Managing Customer Relationships for Referrals
Referrals are an important part of business no matter what industry you’re in. A satisfied customer may refer you to someone without asking, but that’s not always the case. In the final episode of Tenant Talk, Kenwood Management Principal Bill Singer and Illumine8 CEO and Founder Christina May discussed how small businesses can manage their customer relationships for referrals. You can watch the full series on YouTube or listen to the podcast on Buzzsprout. Here’s a quick recap of episode 5.
Referrals are a wonderful form of exponential growth. One customer leads to two customers which leads to four customers and so on. However, gaining those referrals can be tricky. Before you start asking your customers to recommend you to others, think about the value you provide to them beyond their expectations.
Underneath the surface of every referral is an iceberg of relationship building. Days, weeks, months, or even years of continuously engaging with a customer to provide quality service ultimately leaves them with a positive experience of your business. As you learn more about your customer, you may find ways to help them beyond the reason they came to your business. You can then become a connector for them, tapping into your own network to connect them with someone who may be able to solve another pain point they have. For example, you may learn a customer has a broken window at their office and you happen to know someone who fixes windows.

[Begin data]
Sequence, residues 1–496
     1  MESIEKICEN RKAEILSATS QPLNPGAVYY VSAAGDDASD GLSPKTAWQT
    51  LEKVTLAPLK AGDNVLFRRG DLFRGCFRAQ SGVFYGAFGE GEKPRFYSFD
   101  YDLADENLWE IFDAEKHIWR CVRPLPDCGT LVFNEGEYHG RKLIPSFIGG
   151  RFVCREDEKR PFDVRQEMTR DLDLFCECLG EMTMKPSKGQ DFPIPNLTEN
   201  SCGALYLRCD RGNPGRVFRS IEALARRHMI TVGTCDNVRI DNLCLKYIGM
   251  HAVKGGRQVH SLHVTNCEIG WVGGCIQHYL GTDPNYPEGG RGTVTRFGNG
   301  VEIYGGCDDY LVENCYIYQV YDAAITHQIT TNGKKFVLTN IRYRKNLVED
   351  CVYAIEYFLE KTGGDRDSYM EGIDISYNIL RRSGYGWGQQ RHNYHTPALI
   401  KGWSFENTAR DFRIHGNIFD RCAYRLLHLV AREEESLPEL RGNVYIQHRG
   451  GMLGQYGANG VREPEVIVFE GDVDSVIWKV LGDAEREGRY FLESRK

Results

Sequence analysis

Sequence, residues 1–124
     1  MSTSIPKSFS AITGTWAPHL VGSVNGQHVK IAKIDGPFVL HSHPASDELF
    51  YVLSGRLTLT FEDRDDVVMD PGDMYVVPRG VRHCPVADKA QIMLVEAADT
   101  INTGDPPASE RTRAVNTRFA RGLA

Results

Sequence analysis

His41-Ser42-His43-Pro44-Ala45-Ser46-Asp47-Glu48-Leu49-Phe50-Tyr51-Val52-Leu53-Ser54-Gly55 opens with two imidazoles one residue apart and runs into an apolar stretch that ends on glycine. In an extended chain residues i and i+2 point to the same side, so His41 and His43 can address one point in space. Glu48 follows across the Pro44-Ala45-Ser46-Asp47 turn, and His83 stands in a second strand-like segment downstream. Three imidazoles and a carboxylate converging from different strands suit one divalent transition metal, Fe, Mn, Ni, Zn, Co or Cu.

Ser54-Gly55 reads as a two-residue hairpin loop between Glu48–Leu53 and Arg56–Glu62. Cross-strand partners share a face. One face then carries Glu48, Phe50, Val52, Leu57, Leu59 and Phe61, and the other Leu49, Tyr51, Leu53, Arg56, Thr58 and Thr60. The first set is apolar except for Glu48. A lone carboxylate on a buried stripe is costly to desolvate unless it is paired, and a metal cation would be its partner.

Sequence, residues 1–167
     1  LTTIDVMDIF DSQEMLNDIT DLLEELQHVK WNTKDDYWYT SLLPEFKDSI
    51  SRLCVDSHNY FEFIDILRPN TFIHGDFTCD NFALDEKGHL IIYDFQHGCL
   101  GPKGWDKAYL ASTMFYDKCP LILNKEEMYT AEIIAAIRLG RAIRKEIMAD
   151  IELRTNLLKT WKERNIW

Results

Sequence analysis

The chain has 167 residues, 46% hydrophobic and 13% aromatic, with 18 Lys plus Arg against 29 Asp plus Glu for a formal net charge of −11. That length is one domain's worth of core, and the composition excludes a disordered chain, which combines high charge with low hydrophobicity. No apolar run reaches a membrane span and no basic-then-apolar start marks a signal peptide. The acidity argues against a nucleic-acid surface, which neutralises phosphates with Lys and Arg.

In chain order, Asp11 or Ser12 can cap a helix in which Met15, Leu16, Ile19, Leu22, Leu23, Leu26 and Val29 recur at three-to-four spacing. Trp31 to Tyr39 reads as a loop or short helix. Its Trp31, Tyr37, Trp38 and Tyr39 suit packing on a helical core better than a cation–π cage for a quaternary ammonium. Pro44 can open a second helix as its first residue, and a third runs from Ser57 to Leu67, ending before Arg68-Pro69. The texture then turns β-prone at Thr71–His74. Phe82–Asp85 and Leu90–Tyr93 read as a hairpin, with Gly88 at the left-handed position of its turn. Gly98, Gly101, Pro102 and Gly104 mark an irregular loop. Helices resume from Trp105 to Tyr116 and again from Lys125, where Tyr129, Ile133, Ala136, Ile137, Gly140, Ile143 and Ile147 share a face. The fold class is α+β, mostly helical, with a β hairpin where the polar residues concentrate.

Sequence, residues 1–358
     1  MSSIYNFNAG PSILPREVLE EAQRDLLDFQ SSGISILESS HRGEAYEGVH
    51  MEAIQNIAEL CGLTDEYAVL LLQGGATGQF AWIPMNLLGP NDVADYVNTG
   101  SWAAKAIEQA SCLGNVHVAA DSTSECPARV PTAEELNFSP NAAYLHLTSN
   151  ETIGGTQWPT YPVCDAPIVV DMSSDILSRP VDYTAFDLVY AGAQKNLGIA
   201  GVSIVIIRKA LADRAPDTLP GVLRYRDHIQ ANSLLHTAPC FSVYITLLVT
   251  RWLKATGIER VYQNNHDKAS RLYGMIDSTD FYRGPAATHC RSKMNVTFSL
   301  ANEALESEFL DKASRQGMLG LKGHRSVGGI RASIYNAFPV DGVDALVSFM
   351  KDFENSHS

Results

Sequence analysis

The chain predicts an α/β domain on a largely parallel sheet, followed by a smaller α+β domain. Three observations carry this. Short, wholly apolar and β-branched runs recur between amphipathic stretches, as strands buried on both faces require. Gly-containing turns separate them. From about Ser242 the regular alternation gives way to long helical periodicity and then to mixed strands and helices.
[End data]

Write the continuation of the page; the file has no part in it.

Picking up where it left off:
In the digital world, your online presence is an excellent platform for building relationships with your customers, especially if you are geographically dispersed. You can utilize your social media, website, and email to support your community in new ways. For example, Kenwood Management promotes their tenant businesses or employee work anniversaries on their social media and in their newsletter. They also provide valuable insights relevant to tenants and investors alike through blogs and videos.
One of the five laws stated in “The Go-Giver” by Bob Burg and John David Man is the law of influence. It states that your influence is determined by the number of people you serve. Before approaching someone with an ask, consider what ways you can serve them first.
Here’s the bottom line: Don’t be afraid to ask for referrals. Oftentimes, you’ll find your customers to be very helpful, especially if you’ve helped them reach their goals or alleviate a pain point.